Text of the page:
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vba – Automatically execute code before and after running any procedure

Posted by: admin May 14, 2020 Leave a comment

Questions:

Before launching any heavy script I need to make some performance tweaks with Excel:

'Save parameters
screenUpdateState = Application.ScreenUpdating
statusBarState = Application.DisplayStatusBar
calcState = Application.Calculation
eventsState = Application.EnableEvents

'Turn them off
Application.ScreenUpdating = False
Application.DisplayStatusBar = False
Application.Calculation = xlCalculationManual
Application.EnableEvents = False

So I paste this code (or call special procedure, containing this code, no difference) before running almost every procedure. Is there a way to do this automatically (some kind of global constructor)?

And just the same situation with code after finishing the procedure:

'Put everything back
Application.ScreenUpdating = screenUpdateState
Application.DisplayStatusBar = statusBarState
Application.Calculation = calcState
Application.EnableEvents = eventsState
How to&Answers:

This example only work with 1 procedure of 1 module but you can iterate all the procedures of all modules and use the same logic. It uses the procedures from Jon Crowell.

Private Sub SwitchHeaderFooter()

    Dim lineNr As Long
    Dim procName As String
    Dim strHeader As String
    Dim strFooter As String

    procName = "TestProc"
    strHeader = "Call GetReadyToProcess"
    strFooter = "Call ReturnSettingsToWhatTheyWere"

    Dim vbComp As VBIDE.VBComponent
    Dim vbModule As VBIDE.CodeModule
    Set vbComp = ThisWorkbook.VBProject.VBComponents("ModuleTest")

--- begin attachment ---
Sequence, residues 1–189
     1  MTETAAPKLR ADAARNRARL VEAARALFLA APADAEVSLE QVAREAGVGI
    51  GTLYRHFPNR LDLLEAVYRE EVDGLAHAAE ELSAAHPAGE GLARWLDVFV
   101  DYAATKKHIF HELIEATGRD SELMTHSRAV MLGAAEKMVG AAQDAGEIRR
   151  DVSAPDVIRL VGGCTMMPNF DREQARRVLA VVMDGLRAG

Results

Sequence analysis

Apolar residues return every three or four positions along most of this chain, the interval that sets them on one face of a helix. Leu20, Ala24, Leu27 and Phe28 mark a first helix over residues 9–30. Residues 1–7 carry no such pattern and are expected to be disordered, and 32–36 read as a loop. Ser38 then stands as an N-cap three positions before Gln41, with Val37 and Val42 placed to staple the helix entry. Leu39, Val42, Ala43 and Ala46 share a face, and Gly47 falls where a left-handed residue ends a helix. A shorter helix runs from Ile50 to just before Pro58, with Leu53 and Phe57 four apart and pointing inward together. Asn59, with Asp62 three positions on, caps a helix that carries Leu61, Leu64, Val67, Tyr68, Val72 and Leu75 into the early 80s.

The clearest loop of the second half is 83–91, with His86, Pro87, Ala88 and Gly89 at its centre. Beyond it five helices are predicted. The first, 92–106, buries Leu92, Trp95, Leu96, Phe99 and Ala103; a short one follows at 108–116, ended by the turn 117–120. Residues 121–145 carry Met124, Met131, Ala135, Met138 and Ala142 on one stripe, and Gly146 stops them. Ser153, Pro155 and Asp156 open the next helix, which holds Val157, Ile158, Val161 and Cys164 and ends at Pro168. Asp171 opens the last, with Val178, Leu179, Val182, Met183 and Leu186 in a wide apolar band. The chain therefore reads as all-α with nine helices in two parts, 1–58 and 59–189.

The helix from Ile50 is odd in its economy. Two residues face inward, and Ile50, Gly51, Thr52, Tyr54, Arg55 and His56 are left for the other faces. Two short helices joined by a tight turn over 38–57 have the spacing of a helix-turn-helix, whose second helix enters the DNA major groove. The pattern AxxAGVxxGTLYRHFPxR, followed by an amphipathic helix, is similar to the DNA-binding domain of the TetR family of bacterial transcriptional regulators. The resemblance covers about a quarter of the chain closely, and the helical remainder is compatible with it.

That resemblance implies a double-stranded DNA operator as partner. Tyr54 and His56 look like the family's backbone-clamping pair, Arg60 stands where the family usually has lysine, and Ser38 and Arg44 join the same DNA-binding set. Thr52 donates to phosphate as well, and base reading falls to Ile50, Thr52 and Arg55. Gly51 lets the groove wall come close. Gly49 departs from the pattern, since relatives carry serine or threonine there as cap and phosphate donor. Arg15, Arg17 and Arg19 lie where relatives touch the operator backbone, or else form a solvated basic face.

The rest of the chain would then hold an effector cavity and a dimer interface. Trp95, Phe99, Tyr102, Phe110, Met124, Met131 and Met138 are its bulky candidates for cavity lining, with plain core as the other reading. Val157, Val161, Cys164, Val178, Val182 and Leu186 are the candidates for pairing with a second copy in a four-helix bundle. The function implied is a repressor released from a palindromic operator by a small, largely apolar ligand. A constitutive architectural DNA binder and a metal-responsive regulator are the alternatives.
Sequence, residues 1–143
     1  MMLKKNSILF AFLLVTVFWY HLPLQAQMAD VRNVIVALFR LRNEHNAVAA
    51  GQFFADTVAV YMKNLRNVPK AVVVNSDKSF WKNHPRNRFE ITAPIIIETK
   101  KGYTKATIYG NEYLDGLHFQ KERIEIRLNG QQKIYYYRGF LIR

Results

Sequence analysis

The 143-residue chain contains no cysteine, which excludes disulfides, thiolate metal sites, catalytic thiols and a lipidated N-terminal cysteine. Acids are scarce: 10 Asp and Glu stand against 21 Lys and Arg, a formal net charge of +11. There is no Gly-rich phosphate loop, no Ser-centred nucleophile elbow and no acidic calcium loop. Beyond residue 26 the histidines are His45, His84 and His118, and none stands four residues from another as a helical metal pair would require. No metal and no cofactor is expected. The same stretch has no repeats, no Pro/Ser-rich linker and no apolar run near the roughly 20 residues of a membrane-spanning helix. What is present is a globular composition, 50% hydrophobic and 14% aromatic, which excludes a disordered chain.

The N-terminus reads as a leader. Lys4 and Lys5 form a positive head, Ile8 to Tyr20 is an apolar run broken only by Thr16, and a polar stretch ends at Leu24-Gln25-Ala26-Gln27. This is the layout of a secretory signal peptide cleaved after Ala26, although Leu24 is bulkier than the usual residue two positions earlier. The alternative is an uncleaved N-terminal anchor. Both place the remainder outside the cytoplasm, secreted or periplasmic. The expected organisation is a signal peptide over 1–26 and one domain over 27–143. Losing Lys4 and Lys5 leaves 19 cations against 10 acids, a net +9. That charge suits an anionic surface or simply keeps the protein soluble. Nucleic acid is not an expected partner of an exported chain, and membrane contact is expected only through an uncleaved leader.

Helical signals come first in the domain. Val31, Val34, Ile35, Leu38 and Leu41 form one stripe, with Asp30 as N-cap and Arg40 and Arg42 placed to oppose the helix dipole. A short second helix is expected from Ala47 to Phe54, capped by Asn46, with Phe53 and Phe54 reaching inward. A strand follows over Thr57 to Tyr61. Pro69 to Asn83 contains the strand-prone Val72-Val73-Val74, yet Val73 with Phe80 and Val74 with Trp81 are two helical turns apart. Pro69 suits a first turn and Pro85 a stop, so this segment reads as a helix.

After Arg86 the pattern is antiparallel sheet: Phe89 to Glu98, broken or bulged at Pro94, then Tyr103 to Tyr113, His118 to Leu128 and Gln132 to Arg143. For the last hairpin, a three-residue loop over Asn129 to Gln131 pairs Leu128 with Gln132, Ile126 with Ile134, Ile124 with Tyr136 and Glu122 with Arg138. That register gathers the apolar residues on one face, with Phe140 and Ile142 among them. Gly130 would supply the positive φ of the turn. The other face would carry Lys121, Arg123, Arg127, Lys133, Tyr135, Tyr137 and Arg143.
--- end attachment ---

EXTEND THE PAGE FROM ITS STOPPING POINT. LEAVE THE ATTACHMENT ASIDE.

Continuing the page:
Set vbModule = vbComp.CodeModule

    lineNr = vbModule.ProcBodyLine(procName, vbext_pk_Proc)
    If (vbModule.Lines(lineNr + 1, 1) = strHeader) Then
        vbModule.DeleteLines lineNr + 1, 1
    Else
        vbModule.InsertLines lineNr + 1, strHeader
    End If

    lineNr = vbModule.ProcCountLines(procName, vbext_pk_Proc)
    If (vbModule.Lines(lineNr - 1, 1) = strFooter) Then
        vbModule.DeleteLines lineNr - 1, 1
    Else
        vbModule.InsertLines lineNr, strFooter
    End If

End Sub

In your ModuleTest, before the 1st execution:

Sub TestProc()
    MsgBox "This is a test procedure!"
End Sub

And after the 1st execution:

Sub TestProc()
Call GetReadyToProcess
    MsgBox "This is a test procedure!"
Call ReturnSettingsToWhatTheyWere
End Sub

Finally, after the 2nd execution:

Sub TestProc()
    MsgBox "This is a test procedure!"
End Sub

Answer:

Code that loops through ranges and selects various things is frequently behind the need for this kind of optimization, and can almost ALWAYS be avoided. If you want help optimizing a heavy script, please ask another question with the resource-intensive code.

Without seeing an example of one of your “heavy scripts”, the best thing to do is put your setup and restore code in subs and call them before and after you run your procedures.

Sub HeavyLifting()
    Call GetReadyToProcess

    ' code for sub...

    Call ReturnSettingsToWhatTheyWere
End Sub

Sub GetReadyToProcess()
    'Save parameters
    screenUpdateState = Application.ScreenUpdating
    statusBarState = Application.DisplayStatusBar
    calcState = Application.Calculation
    eventsState = Application.EnableEvents

    'Turn them off
    Application.ScreenUpdating = False
    Application.DisplayStatusBar = False
    Application.Calculation = xlCalculationManual
    Application.EnableEvents = False
End Sub

Sub ReturnSettingsToWhatTheyWere()
    'Put everything back
    Application.ScreenUpdating = screenUpdateState
    Application.DisplayStatusBar = statusBarState
    Application.Calculation = calcState
    Application.EnableEvents = eventsState
End Sub

Answer:

Will take a little bit of playing with, but something along these lines should work and you can set it how you want it

NOTE: You need access to the VBA Project Object Model

Sub a()
Dim l as VBIDE.VBComponent
Dim strng As String
strng = "Sub b()" & vbCrLf & "***your routine***" & vbCrLf & "End Sub"
Set l = ThisWorkbook.VBProject.VBComponents.Add(vbext_ct_StdModule)
l.CodeModule.AddFromString strng

End Sub

You could expand this more and turn it into a function where you pass the sub name you are wanting or pass a module name if you want it attaching to an existing module.

If someone could point out what you should declare l as, I left it blank, but if there is a way to set it correctly, then it would mean you get Intellisene on it. – Got this from Miguel’s answer, which is in a similar vein

Now, I am off to have some fun with this! 🙂